(Fig 1A). The optimal relation between sensitivity and specificity
was calculated at various cut-off values for the discriminant func-
tion, as visualized in the receiver operating characteristic (ROC)
curve. For the three described components, the area under the
curve was 0.77 ± 0.07 (Fig. 1B). In order to interpret the clinical
value of this test, likelihood ratios (LR) and predictive values
(PV) were calculated [23,24]. The positive LR is the probability
that a positive test result actually reflects the presence of the
disease. This was 2.90 for the three components (Table 3),
whereas the negative LR, a measure of the probability that a neg-
ative test result reflects the absence of NASH, was 0.15. The actual
prevalence was taken into account by calculating the positive PV,
the percentage of subjects with a positive test result who actually
suffer from NASH, which was 81%. The negative PV, the propor-
tion of patients with a negative test result that do not suffer from
NASH, was 82% (Table 3). If the decision to obtain a liver biopsy in
our study population had been based upon the three mentioned
components in exhaled breath, 43 patients would have been
biopsied, of whom eight did not have NASH (19%), while four
subjects with NASH (10%) would have been missed. In total, 12
out of the 65 subjects (18%) would have been misdiagnosed.
Assessment of NASH based on elevated plasma transaminase levels
Currently, the decision to obtain a liver biopsy in clinical practice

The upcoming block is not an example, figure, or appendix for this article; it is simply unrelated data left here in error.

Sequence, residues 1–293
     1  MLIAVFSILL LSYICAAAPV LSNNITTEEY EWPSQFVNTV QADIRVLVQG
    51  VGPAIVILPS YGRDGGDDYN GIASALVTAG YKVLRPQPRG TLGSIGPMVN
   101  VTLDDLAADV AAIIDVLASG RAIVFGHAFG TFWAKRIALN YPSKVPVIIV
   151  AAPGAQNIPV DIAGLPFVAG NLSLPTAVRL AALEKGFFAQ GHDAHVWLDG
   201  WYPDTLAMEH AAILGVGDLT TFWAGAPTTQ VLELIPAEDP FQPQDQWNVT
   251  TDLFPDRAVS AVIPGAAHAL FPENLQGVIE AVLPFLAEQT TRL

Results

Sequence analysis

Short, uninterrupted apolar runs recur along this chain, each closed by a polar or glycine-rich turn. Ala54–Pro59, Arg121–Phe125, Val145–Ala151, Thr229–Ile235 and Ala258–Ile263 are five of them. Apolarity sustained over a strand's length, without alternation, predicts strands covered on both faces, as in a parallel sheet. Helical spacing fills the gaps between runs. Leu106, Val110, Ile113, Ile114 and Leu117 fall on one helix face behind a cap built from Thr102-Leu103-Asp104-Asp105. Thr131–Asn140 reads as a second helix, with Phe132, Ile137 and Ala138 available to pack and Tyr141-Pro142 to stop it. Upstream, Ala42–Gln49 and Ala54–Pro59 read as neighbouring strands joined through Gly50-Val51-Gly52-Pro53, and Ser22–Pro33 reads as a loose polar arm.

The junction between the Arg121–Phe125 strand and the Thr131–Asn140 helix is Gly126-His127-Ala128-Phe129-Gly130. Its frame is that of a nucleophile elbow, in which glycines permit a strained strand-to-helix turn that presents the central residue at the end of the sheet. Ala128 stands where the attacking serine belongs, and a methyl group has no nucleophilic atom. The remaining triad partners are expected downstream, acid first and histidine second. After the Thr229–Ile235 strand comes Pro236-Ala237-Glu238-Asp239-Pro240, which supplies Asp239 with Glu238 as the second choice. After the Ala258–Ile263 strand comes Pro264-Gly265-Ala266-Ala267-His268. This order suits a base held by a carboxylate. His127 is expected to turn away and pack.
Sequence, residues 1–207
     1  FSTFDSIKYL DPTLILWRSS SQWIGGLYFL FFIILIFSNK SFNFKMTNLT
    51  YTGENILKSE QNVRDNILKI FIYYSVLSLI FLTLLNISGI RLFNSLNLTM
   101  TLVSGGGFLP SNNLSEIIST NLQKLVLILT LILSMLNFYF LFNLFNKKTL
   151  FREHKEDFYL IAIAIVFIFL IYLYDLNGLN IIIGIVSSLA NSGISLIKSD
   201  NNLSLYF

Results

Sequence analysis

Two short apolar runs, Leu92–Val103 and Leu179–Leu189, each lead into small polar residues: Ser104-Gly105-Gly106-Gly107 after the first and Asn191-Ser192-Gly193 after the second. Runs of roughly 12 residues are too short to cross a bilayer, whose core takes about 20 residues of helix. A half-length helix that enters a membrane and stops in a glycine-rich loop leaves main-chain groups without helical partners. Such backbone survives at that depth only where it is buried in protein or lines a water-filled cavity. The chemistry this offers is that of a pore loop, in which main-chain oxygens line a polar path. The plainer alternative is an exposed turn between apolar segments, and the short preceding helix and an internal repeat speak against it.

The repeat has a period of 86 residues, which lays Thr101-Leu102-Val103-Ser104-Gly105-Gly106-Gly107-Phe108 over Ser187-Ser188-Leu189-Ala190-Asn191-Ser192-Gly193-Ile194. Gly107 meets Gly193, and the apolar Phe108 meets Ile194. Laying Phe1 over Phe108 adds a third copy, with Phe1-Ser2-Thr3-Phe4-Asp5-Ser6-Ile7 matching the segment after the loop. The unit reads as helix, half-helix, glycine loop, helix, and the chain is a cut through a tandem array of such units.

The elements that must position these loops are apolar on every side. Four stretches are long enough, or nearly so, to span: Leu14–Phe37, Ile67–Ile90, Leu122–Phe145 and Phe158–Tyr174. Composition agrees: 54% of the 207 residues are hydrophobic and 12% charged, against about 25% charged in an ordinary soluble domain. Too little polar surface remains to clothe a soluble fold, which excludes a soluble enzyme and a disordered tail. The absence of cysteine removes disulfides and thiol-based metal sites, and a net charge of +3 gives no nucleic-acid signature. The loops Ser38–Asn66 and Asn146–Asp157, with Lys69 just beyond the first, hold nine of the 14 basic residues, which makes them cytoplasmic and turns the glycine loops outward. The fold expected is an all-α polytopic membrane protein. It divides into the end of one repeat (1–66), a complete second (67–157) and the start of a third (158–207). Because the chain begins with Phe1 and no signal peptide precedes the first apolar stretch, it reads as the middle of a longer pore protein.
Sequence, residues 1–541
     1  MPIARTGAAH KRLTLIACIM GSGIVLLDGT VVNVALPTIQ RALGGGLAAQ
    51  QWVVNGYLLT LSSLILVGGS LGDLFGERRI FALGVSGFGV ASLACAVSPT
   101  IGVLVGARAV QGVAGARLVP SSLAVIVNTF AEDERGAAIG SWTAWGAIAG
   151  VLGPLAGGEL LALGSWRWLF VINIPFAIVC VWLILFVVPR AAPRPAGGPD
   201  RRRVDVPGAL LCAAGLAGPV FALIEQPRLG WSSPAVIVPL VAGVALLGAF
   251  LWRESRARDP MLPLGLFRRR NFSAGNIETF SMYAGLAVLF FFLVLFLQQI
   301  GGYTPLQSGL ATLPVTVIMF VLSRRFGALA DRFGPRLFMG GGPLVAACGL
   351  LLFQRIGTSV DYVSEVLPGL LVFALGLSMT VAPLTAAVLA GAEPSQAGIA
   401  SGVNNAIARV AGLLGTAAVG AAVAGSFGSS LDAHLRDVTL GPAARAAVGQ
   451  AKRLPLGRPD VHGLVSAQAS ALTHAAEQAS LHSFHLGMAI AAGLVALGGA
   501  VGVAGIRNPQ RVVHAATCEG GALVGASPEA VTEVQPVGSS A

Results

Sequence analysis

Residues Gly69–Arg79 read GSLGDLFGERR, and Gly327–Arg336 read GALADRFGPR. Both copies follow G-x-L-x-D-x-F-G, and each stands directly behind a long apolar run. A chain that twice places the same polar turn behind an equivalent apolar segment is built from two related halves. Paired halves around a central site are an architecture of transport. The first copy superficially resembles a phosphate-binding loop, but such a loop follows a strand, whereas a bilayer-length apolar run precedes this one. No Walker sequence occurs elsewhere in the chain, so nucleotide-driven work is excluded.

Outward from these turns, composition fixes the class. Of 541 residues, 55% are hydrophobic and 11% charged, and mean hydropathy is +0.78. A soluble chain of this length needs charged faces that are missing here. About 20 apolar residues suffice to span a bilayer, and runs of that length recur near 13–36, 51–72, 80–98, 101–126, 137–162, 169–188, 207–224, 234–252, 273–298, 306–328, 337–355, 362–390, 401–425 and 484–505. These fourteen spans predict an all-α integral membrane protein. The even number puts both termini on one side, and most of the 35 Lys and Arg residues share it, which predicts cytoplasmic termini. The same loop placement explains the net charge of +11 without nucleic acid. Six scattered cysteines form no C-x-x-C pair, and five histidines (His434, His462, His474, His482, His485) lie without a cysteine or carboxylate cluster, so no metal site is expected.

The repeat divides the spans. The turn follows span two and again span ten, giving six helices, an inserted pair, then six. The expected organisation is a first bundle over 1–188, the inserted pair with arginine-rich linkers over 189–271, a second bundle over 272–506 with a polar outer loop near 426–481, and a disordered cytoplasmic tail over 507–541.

is largely based upon either elevated ALT levels or increased AST/
ALT ratio. In order to assess the clinical value of the breath test,
we compared the obtained data to the predictive properties of
our current clinical procedure. Hence, we calculated the propor-
tion of the population that would have undergone a liver biopsy
based upon plasma levels of transaminases. Plasma could not be
obtained from four subjects (of whom two suffered from NASH
and two did not), therefore the remaining 61 subjects were ana-
lyzed. If the indication to obtain a biopsy had been based upon
elevated ALT levels, eight biopsies (of seven patients with and
one without NASH) would have been obtained. Perhaps more
importantly, 30 out of the 37 remaining subjects with NASH
(81%) would have been missed (Fig. 2). Increased ALT levels
showed a sensitivity of 19% and a specificity of 96%. The positive
PV for increased ALT was 88% while the negative PV was 43%
Next, AST/ALT ratios were calculated. If a liver biopsy had
been obtained from subjects with an increased AST/ALT ratio,
17 biopsies would have been performed; 12 of subjects with
NASH and 5 of subjects without NASH. Moreover, 25 patients
Table 1. Characteristics of the study population.
Subjects without NASH Subjects with NASH
45 ± 2
41.0 ± 1.3
6.4 ± 0.3
6.0 ± 0.44
22.9 ± 2.0
18.8 ± 1.5
0.9 ± 0.1
No. of patients
44 ± 2
45.2 ± 1.4
6.8 ± 0.3
6.7 ± 2.1
29.6 ± 2.5*
27.1 ± 2.2*
1.1 ± 0.1
Data are presented as mean ± SEM.
⁄ALT and AST levels differed significantly between the groups (for both p <0.05),
whereas no significant differences were observed for all other parameters.
Table 2. Activity, stages and grades of NASH.
NASH subjects (n = 39)
NASH subjects (n = 39)
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Journal of Hepatology 2013 vol. 58j543–548
or 68% of all subjects with NASH would have been missed (Fig. 2).